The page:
The federal government has turned to the expertise and enthusiasm of SMEs to solve some of its biggest public sector challenges, delivering $1.8 million in funding for 20 small businesses to start work on innovative projects.
As part of Malcolm Turnbull’s Innovation Agenda, $19 million was pledged in December 2015 for the Business Research and Innovation Initiative (BRII), which allows small Australian firms to pitch for funding to complete feasibility studies for solutions to big picture problems.
After the program was launched in August 2016, more than 180 small businesses presented ideas to the government in five key areas.
The areas were: technology solutions for measuring insecticide residues used on Australian aircrafts to kill mosquitos; development of “smart information products” for use by intelligence agencies; ways to use digital technology to get more people involved in policy consultation; ways to improve the transparency of water market information; and products to improve how information about child protection and safety is shared across state lines.
This week 20 SMEs were granted $1.8 million in funding to complete three-month feasibility studies on their solutions to these problems.
Each of the businesses will receive grants of between $69,000 and $100,000, and by June, the businesses will be able to show the government what they’ve been working on with the hopes of receiving an additional $1 million in funding to create a proof-of-concept.
From there, government departments will consider becoming the first customers of the standout products created.
Innovation minister Arthur Sinodinos said in a statement the grants will provide the successful SMEs with “a commercial income and the ability to grow with a global mindset”, while also allowing government agencies to “work with SMEs to develop innovative solutions and then have the option to purchase those solutions”.
“Our first round of seed funding”
One of the grant recipient, startup Leading Directions, told SmartCompany its $100,000 funding grants means it can bring one of its ideas into life without the need to seek out other investors.
Leading Directions provides business and case support solutions to disability service support providers.
It’s pitch to the government is to develop of a system that will improve the way states communicate information about child safety, to improve the operation of the child protection space.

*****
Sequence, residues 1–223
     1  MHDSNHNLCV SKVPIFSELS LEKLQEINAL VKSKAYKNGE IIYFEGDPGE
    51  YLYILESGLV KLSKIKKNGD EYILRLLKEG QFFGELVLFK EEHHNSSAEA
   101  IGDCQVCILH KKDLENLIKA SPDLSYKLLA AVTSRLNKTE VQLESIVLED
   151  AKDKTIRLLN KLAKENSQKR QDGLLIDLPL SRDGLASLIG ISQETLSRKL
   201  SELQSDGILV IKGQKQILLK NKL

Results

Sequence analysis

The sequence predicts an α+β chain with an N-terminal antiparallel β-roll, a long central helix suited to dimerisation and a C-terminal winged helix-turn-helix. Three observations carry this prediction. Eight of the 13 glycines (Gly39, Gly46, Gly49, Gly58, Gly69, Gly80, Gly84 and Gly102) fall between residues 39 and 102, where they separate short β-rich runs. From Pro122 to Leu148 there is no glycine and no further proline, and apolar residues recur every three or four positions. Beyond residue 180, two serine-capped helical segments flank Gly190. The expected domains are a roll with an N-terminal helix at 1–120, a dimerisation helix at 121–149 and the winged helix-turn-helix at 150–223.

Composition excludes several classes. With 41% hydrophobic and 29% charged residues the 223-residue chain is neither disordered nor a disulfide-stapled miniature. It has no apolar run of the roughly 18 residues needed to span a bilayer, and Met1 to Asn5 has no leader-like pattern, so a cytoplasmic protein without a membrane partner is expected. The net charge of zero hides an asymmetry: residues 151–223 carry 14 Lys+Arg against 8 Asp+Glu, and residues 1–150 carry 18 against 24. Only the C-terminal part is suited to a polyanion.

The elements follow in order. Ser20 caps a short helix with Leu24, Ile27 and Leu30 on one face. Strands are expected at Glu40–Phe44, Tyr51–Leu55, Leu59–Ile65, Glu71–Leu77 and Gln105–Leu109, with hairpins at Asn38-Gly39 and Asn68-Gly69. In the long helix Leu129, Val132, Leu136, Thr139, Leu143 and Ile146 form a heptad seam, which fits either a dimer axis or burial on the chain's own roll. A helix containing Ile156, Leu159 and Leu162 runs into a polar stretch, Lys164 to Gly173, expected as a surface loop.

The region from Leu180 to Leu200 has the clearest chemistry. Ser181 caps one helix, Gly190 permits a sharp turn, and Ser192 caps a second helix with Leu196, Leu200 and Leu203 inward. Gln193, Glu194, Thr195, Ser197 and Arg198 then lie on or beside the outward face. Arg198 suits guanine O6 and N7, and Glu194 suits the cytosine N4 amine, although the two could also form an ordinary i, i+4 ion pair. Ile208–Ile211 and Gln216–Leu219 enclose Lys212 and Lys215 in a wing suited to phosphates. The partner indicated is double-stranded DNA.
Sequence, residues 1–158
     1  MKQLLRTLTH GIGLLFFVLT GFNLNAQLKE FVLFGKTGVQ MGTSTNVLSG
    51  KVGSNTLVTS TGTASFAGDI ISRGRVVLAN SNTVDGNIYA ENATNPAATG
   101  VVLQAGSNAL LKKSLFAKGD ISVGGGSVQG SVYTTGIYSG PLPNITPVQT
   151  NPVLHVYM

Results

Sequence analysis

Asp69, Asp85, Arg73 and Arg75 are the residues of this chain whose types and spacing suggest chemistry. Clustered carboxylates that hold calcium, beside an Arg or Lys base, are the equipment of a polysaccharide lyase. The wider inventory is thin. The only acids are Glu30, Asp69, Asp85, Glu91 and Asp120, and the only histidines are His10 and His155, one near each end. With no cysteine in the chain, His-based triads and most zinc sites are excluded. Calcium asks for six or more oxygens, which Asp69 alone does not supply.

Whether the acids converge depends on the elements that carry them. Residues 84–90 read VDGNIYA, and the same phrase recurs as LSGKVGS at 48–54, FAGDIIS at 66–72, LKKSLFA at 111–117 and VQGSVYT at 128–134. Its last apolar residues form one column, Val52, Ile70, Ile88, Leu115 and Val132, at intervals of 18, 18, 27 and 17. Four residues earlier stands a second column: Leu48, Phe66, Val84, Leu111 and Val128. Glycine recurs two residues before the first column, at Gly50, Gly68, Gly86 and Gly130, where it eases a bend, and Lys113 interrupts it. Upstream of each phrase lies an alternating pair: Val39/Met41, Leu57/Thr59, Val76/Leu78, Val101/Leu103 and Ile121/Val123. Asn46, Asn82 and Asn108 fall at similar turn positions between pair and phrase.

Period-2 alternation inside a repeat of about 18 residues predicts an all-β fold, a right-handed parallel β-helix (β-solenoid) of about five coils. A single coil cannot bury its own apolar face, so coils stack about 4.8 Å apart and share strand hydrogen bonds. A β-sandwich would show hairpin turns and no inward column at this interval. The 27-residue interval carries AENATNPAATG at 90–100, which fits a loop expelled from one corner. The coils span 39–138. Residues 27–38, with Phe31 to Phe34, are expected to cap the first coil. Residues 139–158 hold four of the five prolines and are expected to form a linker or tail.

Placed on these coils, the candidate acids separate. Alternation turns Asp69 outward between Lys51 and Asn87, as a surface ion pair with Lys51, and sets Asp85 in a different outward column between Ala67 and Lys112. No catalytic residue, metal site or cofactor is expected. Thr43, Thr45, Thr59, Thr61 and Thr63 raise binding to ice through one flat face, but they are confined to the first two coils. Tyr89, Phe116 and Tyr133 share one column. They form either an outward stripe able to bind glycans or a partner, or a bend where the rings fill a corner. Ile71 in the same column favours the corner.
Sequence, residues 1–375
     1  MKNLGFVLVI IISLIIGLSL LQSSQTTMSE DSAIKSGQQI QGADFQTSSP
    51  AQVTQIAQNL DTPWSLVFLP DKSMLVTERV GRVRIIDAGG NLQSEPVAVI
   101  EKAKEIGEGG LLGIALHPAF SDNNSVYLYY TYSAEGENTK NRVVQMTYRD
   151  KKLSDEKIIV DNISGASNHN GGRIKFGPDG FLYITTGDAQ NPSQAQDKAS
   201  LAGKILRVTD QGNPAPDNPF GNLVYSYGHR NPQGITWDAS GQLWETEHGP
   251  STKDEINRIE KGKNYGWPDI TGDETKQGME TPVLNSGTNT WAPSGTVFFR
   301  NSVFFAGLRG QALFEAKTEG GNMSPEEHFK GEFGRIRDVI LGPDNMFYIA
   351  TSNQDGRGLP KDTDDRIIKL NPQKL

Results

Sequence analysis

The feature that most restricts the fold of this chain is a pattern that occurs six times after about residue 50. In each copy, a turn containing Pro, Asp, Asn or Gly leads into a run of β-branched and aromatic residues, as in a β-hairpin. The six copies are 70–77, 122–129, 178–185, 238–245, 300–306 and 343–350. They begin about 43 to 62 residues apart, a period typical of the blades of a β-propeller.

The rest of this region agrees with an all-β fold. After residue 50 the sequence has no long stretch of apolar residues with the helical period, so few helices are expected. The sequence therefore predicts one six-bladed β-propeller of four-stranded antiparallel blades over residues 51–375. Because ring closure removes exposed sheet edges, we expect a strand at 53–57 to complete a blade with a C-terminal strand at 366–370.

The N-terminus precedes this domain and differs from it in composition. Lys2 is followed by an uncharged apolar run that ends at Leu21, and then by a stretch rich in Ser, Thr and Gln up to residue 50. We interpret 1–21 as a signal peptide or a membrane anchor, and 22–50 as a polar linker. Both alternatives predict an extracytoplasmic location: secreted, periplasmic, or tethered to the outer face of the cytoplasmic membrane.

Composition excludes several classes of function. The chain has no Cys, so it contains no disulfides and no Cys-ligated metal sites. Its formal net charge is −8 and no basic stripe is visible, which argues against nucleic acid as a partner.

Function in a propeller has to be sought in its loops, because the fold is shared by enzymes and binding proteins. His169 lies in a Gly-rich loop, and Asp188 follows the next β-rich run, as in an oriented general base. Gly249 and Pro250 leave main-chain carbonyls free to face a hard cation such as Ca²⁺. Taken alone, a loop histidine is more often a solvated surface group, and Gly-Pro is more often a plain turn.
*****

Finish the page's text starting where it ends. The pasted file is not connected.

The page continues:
Operations Manager Elouise Waller says that while the full details of the company’s pitch cannot be revealed at this stage, the initiative has been a fantastic opportunity for the business to get started on an idea that’s been bubbling away for a while.
“It uses three different components of software that we already run, and the rest of it is a new idea,” Waller explains.
“It should make the whole process [of sharing information] easier and secure.”
While Leading Directions has not previously been involved in pitching ideas to government in this way, Waller says the program has helped the business get started on an idea it otherwise would have looked to other investors for.
“See, that was the interesting part, we already had a couple of ideas that we were interested in doing and this acts as our first round of seed funding, which is awesome. It really acts as a springboard for our ideas,” she says.
“We’ve got until the end of June, so 12 weeks [to come complete the feasibility study] and then by the end of June, our applications have to be in for the prototype.
“After that is the really exciting part — we are allowed to retain the IP. And the push would be to scale on an international and national level.”
While questions have been raised over the past few weeks about whether the government has gone completely silent on its innovation programs, the Leading Directions team see this part of the plan as a key way to engage small businesses that have passion to solve big government challenges, rather than having departments go to big businesses for solutions all the time.
The Leading Directions team is small, and Waller says they have a personal focus on securing a solution to this problem that bigger companies are not likely to have.
“The government is tapping into this entire pool of ideas, innovation and most of all enthusiasm,” Waller says.
“This is really different from them approaching bigger players.”
When launching the BRII project on the Innovation Agenda website, the government highlighted that in a review of 140 countries, Australia ranked 70th in terms of how often government procurement leads to innovation.
The project is slated to continue over the next 18 months, as SMEs ideas and prototypes are considered for further funding of up to $1 million each.